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Natural Born Killers (#110 of 4)

If I Had a Sight & Sound Film Ballot Aaron Aradillas’s Top 10 Films of All Time

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If I Had a Sight & Sound Film Ballot: Aaron Aradillas’s Top 10 Films of All Time
If I Had a Sight & Sound Film Ballot: Aaron Aradillas’s Top 10 Films of All Time

How do you distinguish a movie that’s one of the greatest of all time from one of your all-time favorites? Is there a distinction? Making a top 10 list of the greatest movies of all time made me realize that there is and there isn’t. For example: John McTiernan’s Die Hard is one of my favorite movies, but it didn’t make this list. On the other hand, Luis Buñuel and Salvador Dalí’s Un Chien Andalou is one of the greatest movies ever made, but it didn’t make this list either. Maybe it would’ve been easier to choose movies in specific genres and categories. For example: Most people would argue that Singin’ in the Rain is the greatest musical of all time. It certainly is one of them but I’d make the case that Saturday Night Fever is just as monumental an achievement in the musical genre.

But the task at hand is to make a list of the 10 movies I consider to be the greatest ever made. Following the model of the Sight & Sound critics’ poll, I consider this list to be fluid and not set in stone. Surprisingly, I didn’t agonize over this list that much (I agonize more when I make my year-end list). My choices are movies that continue to speak to me long after I can anticipate every line of dialogue, every edit, or plot point. I feel I will never fully understand why I consider these movies to be the greatest ever made. So, if some of my choices baffle you, take comfort in knowing they baffle me, too.

15 Famous Movie Savages

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15 Famous Movie Savages
15 Famous Movie Savages

Oliver Stone returns this weekend with Savages, a nasty crime thriller based on Don Winslow’s drug-cartel novel. The dictionary defines “savage” as “an uncivilized human being,” “a fierce, brutal, or cruel person,” and “a rude, boorish person.” In other words, it covers just about every villain who’s ever graced the screen. To whip up a list of 15, we set our sights on vicious characters as fierce as they are remarkably uncouth. There are no classy rogues here, folks. These are teeth-gnashing, eardrum-piercing, elbows-on-the-table types, and from a child murderer to a furry monster to two more Stone creations, they comprise a choice selection of scoundrels.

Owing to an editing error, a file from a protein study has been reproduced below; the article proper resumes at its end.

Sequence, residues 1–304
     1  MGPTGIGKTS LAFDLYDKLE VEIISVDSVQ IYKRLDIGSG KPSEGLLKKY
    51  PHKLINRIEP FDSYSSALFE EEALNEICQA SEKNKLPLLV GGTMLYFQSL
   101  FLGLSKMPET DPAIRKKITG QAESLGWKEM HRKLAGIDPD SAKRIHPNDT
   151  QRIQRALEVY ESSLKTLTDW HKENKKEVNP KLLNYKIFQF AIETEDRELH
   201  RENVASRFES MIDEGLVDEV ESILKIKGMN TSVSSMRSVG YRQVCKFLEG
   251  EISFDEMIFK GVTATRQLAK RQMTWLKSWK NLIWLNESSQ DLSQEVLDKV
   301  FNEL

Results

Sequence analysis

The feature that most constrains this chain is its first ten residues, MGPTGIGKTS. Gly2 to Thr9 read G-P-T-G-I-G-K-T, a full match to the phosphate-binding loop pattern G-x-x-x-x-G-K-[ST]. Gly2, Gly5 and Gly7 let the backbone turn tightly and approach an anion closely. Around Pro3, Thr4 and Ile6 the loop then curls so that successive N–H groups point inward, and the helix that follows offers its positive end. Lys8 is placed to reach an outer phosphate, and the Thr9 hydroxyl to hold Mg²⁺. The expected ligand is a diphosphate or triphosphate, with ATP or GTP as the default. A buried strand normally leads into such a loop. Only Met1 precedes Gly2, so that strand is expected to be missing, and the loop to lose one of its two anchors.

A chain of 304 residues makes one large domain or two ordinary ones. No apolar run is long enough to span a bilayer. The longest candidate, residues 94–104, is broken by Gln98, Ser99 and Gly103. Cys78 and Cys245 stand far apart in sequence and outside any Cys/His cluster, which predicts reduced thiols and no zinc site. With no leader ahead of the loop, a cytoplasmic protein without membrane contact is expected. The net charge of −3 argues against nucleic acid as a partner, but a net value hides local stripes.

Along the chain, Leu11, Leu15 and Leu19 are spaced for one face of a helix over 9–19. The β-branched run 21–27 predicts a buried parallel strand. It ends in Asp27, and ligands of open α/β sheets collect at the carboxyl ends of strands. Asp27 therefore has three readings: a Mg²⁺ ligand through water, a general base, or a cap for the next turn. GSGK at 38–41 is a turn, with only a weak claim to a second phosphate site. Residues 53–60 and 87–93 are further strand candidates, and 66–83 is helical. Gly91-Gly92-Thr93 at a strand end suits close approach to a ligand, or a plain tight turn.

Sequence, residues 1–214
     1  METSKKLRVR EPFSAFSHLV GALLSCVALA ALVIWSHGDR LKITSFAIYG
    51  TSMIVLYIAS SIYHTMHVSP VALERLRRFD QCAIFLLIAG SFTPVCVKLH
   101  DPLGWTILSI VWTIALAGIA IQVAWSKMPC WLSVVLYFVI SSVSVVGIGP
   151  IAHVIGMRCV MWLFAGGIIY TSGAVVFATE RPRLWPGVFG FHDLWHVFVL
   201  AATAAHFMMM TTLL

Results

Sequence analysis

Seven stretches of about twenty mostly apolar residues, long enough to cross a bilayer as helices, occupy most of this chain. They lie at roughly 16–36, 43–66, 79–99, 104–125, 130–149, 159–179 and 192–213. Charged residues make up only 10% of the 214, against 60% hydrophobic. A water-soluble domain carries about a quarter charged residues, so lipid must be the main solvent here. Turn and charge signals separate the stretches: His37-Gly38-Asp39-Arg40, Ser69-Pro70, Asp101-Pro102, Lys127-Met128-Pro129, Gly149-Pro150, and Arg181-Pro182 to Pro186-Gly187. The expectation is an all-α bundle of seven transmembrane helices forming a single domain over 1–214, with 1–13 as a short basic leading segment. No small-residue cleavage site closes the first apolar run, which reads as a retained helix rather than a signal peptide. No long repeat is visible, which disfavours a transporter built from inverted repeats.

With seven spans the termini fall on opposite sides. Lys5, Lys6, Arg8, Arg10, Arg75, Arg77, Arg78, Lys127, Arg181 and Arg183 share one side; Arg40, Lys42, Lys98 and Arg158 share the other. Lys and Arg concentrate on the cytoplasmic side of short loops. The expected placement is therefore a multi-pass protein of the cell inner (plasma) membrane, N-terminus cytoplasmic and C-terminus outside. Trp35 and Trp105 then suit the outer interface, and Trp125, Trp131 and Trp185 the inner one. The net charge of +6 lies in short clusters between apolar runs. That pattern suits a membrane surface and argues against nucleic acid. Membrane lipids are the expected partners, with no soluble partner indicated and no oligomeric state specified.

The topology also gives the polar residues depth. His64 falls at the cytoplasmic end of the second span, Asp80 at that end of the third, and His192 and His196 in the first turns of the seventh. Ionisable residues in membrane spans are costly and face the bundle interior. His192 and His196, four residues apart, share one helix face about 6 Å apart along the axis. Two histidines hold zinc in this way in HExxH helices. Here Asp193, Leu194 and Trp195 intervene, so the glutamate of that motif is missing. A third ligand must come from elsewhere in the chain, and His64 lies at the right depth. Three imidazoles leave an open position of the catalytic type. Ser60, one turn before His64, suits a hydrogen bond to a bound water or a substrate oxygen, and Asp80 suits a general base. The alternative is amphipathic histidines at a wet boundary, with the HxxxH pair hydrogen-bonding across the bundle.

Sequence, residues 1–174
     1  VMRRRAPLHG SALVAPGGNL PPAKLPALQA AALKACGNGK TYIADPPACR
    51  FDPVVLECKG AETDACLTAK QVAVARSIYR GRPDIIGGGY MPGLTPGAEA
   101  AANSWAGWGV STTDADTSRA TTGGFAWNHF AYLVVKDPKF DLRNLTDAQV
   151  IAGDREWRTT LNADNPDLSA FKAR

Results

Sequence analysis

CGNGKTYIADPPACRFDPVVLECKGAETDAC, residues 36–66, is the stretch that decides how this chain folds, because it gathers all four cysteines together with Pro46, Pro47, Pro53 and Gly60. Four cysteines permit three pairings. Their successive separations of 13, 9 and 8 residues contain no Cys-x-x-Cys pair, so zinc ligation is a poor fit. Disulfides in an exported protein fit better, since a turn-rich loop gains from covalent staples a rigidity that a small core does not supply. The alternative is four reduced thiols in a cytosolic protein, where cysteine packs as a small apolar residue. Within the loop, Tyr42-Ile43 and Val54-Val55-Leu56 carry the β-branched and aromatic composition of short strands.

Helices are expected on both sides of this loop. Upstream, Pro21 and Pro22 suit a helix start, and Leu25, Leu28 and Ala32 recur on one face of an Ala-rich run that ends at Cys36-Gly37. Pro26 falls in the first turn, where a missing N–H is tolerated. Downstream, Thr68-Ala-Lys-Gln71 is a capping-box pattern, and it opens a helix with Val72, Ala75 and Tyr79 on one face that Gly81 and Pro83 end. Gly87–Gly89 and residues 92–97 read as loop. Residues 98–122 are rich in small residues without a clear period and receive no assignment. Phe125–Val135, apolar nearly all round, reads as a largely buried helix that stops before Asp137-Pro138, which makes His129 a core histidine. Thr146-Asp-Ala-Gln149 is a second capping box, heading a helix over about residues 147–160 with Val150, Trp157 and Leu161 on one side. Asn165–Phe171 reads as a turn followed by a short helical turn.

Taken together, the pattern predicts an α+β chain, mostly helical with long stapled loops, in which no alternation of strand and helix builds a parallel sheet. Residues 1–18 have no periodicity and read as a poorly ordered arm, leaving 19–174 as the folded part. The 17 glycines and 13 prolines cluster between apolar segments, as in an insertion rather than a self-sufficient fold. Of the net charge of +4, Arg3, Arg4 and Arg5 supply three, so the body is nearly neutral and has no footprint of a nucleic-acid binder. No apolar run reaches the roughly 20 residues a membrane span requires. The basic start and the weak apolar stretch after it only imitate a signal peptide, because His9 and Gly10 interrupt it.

Poster Lab: Savages

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Poster Lab: <em>Savages</em>
Poster Lab: <em>Savages</em>

It’s probably not a good sign that the poster for Oliver Stone’s Savages makes a perfect column subject for Easter Sunday. By most evidence, this isn’t a movie that wants to be associated with jelly beans and Marshmallow Peeps; however, the egg-dye color palette of one-sheet number one would beg to differ. Cut this image along the lines that divvy it into seven slices, and you’ve got instant sleeves for the hard-boiled beauties you dunked in vinegar last night. This isn’t the first time a poster for an Oliver Stone film used vibrant hues to herald something largely dark (the ads for The Doors and Natural Born Killers went that route at one stage or another), but it is the first time the poster seems wildly out of step with what it’s selling. Yes, Blake Lively’s hippie-ish character, O, is prone to snorting coke, but that’s not exactly the sort of candy this glossy collage appears to promise.

Based on Don Winslow’s lauded 2010 novel of the same name, Savages is a crime-filled, drug-loaded drama unfolding across sun-soaked California and Mexico. Its cast? A bevy of ’90s megastars who dabbled on the pulpy fringes (John Travolta, Uma Thurman, Salma Hayek, Benicio del Toro), and a smattering of camera-ready, pore-free, in-demand hotties (Lively, Taylor Kitsch, Aaron Johnson, Emile Hirsch). On second thought, perhaps that color scheme isn’t so off the mark after all.

The Philosopher and the Fan: Jean-Luc Godard and Quentin Tarantino—3rd Installment

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The Philosopher and the Fan: Jean-Luc Godard and Quentin Tarantino—3rd Installment
The Philosopher and the Fan: Jean-Luc Godard and Quentin Tarantino—3rd Installment

Parody and Pastiche

When one thinks of parody, one might immediately think of blitzkrieg spoofs like the Mel Brooks movie satires (Blazing Saddles, Young Frankenstein, High Anxiety, Spaceballs, etc.) or the 1980 airline-disaster-movie takedown Airplane! But those deliberately lowbrow laugh-a-minute joke-fests represent only one kind of parody.

In general, parody has a critical intent: it tries to deconstruct and then mock outdated or plain silly conventions, and it does so often by adopting those same conventions. As many might agree, only if an artist understands those conventions can he even think about demolishing them through parody effectively. Parody, though, does not necessarily have to be funny/ha-ha comedy—it could also be funny/strange (to borrow terms coined by Andrew Sarris) in the sense that it is trying to render as odd and ridiculous certain artistic sacred cows, whether that entails merely a cliché or an entire outdated genre. Blazing Saddles, for instance, took on the Western genre as its target, while Airplane! toyed mercilessly with the conventions of the disaster genre that was seemingly in vogue through a good part of the 1970s. Of course, to be able to satirize both Westerns and disaster epics with any effectiveness, the filmmakers had to understand and, at the very least, look like a standard-issue Western or disaster epic (Airplane!, for instance, took this a step further and based its entire plot on a 1957 airline disaster flick entitled Zero Hour). Robert Stam defines it in this way: